Stakeholders Take Aim at Generic Competition Blocking Tactics

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Generic drug manufacturers have long accused their brand name counterparts of exploiting a federal program intended to promote medication safety as a means of blocking generic competition in the pharmaceutical marketplace.

Generic drug manufacturers have long accused their brand name counterparts of exploiting a federal program intended to promote medication safety as a means of blocking generic competition in the pharmaceutical marketplace.

Risk Evaluation and Mitigation Strategies (REMS) is a relatively new FDA program intended to provide additional safety information to patients and providers. The FDA may require REMS as part of the approval process for a new product, or an approved product with new safety information, to ensure the benefits outweigh the risks.1

Many of the products deemed REMS-worthy cannot be purchased or distributed in the normal way. Instead, they must often be distributed by specially certified prescribers and pharmacists. There may be limits on the amount of drug that can be dispensed at said certified locations, and obtaining the product may be contingent on mandatory enrollment and monitoring of patients within registries. Brand name manufacturers have argued that they cannot give generic drugmakers enough samples of these REMS-covered products necessary to conduct the FDA-required bioequivalency testing because doing so would be outside the restricted distribution pathway. Still others claim that brand name manufacturers use REMS in order to artificially extend the market exclusivity for their drugs.2

“Misuse of FDA REMS patient safety programs is one way that certain brand-drug companies delay generic competition,” said Chip Davis, president and CEO of the Generic Pharmaceutical Association (GPhA), in a press release earlier this year.3 “Failure to address the loophole that makes these abuses possible is a missed opportunity to encourage more competition in generic drugs and to generate billions of dollars in additional savings for patients and the health system.”

The Senate Judiciary Committee and the Subcommittee on Antitrust introduced a bill, the Creating and Restoring Equal Access to Equivalent Samples (CREATES) Act, that seeks to block pharmaceutical companies from circumventing or otherwise abusing the system to prevent generic competition.4

The Congressional Budget Office has estimated that legislation similar to the CREATES Act would save the government over $2 billion in 10 years due to the new generics that would gain entry to the market.5

The CREATES Act focuses on undermining 2 strategies sometimes employed by brand name drug manufacturers to block generic competition:

  • Sample-sharing, which is when brand name manufacturers prevent potential generic competitors from obtaining samples of the branded drug. This limits the generic company’s ability to perform the testing necessary to show that its generic product is therapeutically equivalent to the branded drug, which is a prerequisite for FDA approval.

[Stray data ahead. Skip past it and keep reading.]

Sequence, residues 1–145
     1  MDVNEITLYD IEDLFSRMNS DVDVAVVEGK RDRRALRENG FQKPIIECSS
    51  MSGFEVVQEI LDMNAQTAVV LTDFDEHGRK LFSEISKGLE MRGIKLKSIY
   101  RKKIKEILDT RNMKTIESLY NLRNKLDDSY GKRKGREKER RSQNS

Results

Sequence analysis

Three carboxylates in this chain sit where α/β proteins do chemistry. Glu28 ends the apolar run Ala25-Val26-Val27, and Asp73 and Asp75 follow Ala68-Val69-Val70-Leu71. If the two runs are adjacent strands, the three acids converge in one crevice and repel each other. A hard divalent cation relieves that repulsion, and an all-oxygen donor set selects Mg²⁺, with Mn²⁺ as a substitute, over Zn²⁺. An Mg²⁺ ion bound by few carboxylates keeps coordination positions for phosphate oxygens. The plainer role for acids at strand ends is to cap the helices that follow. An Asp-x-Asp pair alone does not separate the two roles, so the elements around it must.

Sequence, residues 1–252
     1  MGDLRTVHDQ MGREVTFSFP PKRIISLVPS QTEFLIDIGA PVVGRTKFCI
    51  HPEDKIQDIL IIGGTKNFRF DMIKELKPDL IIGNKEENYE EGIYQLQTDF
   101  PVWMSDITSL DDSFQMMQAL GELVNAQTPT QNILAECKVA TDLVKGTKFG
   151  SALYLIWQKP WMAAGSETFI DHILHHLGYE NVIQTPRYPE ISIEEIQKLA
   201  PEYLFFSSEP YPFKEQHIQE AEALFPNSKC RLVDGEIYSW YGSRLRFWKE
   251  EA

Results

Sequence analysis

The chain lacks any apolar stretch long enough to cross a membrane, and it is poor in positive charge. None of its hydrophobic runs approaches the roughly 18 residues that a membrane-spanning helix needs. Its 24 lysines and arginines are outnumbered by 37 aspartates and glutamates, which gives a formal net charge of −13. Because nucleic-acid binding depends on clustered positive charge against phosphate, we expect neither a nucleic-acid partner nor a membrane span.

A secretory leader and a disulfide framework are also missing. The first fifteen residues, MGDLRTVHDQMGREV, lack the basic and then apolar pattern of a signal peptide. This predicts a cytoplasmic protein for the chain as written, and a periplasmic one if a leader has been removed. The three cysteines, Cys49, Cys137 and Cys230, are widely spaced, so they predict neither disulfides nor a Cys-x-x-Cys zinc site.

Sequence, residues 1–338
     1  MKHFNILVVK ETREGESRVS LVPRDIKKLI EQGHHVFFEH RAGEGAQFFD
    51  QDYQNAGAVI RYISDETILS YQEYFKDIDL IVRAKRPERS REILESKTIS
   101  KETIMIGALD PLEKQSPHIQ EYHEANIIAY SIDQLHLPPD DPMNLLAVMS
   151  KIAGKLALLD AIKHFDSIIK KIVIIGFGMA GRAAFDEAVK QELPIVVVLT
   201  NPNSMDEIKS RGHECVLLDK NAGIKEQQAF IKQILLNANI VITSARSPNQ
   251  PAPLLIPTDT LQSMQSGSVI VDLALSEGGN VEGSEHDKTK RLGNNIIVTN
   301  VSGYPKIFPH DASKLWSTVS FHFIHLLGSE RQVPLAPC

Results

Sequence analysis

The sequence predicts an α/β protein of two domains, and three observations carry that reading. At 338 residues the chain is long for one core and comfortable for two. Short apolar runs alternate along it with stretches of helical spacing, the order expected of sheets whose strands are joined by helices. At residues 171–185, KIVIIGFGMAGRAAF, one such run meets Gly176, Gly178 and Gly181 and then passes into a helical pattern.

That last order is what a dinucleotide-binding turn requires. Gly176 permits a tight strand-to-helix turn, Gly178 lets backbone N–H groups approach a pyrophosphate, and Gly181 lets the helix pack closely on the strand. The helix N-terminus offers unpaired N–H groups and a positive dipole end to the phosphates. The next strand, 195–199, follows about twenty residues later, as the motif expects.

• Participation in a shared safety protocol, which occurs when brand manufacturers claim to require a REMS and then refuse to allow generic competitors to participate in that safety protocol, which further blunts generic drugmakers’ abilities to gain FDA approval. If the act were enacted, a generic drugmaker being subjected to either delay tactic would be able to seek injunctive relief in court under the CREATES Act. It would also authorize judges to award damages to claimants in an effort to deter future delay tactics.

“Unfortunately, we’re seeing some brand name drug companies engage in anti-competitive tactics that delay entry of lower cost generic drugs into the market,” co-sponsor Senator Charles Grassley said in a statement. “This bill takes important steps to ensure that our laws are not frustrated.”6

Perhaps the most egregious example of this type of behavior is Turing Pharmaceuticals’ infamous overnight 5000% price hike for the 62-year-old drug Daraprim last September—a move that Turing CEO, Martin Shkreli, told CBS News was “not excessive at all.” Daraprim is a standard- of-care drug for life-threatening toxoplasmosis that is also a co-treatment for HIV and malaria. Following the drug acquisition, the price per tablet of Daraprim promptly leaped from $13.50 one day to $750 the next. Then, Turing limited distribution even though the FDA had not required an REMS plan. This hindered manufacturers’ ability to create generic versions of the drug.7

Congress has taken previous action against pharmaceutical companies attempting to game the system. The FAST Generics Act, which was introduced in 2014 and then again in 2015, would have closed the aforementioned REMS “loophole”—which refers to a company’s ability to employ restricted distribution networks to block manufacturers’ market entry—a tactic that initially grew from the REMS Elements to Assure Safe Use (ETASU). If enacted, the legislation would have positioned the Department of Health and Human Services (HHS) to serve as the go-between for the generics industry and brand manufacturers. Generics companies would have sought HHS authorization before submitting a request and authorization to a brand manufacturer.8